Timst’s Happy Place

State of the union

by timst on May 20, 2012

Today I walked from one side of my hometown to the other, passing along my former elementary school, my former highschool, seeing landscapes that I contemplated for as long as I can remember and smelling the same odors of pine and saltwater that I smelled when I was an infant.

 

God that was depressing. Next august I’ll depart from all this and start a new life in Sweden, where I’ll undertake a master degree in software technology. When people ask me why I do it, I usually answer “to get away from the past”, which never fails to trigger worried looks and hesitant questions afterward. Everybody immediately imagine gruesome tales of child molestation, extreme poverty or close ones’ deaths.

Fortunately, nothing of the sort ever happened to me. I lived an average childhood and adolescence, which was, to say the least, uneventful. But that’s exactly the crux of the problem: I can’t help but think that I didn’t live my life to the fullest. I’m already almost 21, and while I technically completed all the step of an average man of my age (I went to parties, I had a girlfriend, I traveled the world, I had sex, I moved out of my parent’s basement, I had a cat…), it just felt… unsatisfying, somehow. I went to a handful of parties. I had exactly one girlfriend. I traveled with my parents and mostly forgot what I saw, or wished I was elsewhere, or at least with someone else. I had sex… with exactly one girl; I never lived that perpetual orgy that every other teenager seems to live. I live in a dark and damp flat. My cat is… well, he’s satisfying, as cat goes, so I guess that’s something.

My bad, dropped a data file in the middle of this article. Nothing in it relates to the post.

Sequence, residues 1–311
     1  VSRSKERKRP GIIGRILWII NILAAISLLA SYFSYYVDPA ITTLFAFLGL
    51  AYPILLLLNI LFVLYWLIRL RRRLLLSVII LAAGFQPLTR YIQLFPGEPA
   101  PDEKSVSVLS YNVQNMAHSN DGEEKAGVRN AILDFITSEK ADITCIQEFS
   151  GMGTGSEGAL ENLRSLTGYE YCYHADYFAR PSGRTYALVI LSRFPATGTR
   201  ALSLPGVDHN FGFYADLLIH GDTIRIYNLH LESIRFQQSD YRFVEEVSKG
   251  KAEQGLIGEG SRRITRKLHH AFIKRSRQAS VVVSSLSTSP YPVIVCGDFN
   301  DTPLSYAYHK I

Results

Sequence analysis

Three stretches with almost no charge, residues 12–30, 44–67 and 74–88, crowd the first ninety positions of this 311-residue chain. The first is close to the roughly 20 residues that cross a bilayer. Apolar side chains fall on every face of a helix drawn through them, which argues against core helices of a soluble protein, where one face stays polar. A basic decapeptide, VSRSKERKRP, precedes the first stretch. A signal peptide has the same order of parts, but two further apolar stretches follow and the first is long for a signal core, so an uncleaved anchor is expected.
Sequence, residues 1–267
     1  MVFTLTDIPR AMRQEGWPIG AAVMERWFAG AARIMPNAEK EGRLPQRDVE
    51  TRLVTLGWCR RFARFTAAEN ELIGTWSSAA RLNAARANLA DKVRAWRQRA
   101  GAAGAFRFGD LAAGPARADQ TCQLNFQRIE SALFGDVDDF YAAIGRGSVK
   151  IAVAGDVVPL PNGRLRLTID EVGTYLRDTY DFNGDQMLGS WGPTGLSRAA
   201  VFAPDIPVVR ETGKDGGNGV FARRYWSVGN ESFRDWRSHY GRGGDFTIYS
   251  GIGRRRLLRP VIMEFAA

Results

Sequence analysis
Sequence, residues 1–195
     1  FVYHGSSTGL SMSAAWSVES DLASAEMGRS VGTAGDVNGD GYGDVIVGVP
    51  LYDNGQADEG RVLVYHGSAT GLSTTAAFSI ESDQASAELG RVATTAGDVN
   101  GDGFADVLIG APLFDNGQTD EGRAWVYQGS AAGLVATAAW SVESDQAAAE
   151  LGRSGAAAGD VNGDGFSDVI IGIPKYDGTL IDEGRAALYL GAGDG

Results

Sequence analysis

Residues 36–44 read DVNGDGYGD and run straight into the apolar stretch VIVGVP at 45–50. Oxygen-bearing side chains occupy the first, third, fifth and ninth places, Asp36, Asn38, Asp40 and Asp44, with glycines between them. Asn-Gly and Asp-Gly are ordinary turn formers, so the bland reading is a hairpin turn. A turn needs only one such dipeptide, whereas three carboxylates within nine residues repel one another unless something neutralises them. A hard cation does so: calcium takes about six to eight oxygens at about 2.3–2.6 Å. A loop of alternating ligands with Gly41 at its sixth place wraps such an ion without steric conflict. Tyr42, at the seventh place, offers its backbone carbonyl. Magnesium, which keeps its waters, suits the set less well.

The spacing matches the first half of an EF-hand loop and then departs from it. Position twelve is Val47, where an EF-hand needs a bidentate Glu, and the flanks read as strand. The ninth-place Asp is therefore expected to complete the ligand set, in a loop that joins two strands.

But I come to slowly realize that, contrarily to most people, I’m not haunted by sad memories: I’m haunted by happy ones. Rare, fleeting times where I was truly happy, making friends, chasing girls that responded in kind, eating great food, listening to amazing music, laughing, and, as Weezer said, “spending some time forever”. But it didn’t last, and then I was back to where I was.

Where I was being: alone, isolated and hoping that this kind of golden age will return soon. Which, of course, it never did. At the end my nostalgia and my isolation fed themselves, my obsession with the past preventing me from living the present. As things crumbled around me, the pool of things I regretted kept expanding, until I was entirely friendless, single and generally lonelier that I ever was, and then I simply missed my whole life. Those were pretty grim times, proving that it doesn’t take a real tragedy to send someone spiraling down the melancholy whirlwind.

 

But as I said, this period is about to end, and I’ll be able to start over. There’s nothing left to save here anyway: I have but a few real friends to speak of, my ex has completely moved on, there’s no group or club I’m a member of, I guess not a lot of people will notice when I’m gone, which is all the better: I hate dealing with the awkwardness of relationships that have long sailed past their expiration date.

Here’s hoping that my new life will be better than this one. Now of course I shouldn’t be too hopeful, but to be honest, I’m not nearly as brooding as this post will make you believe, so (in Bastion’s narrator’s voice) don’t you worry, don’t you worry…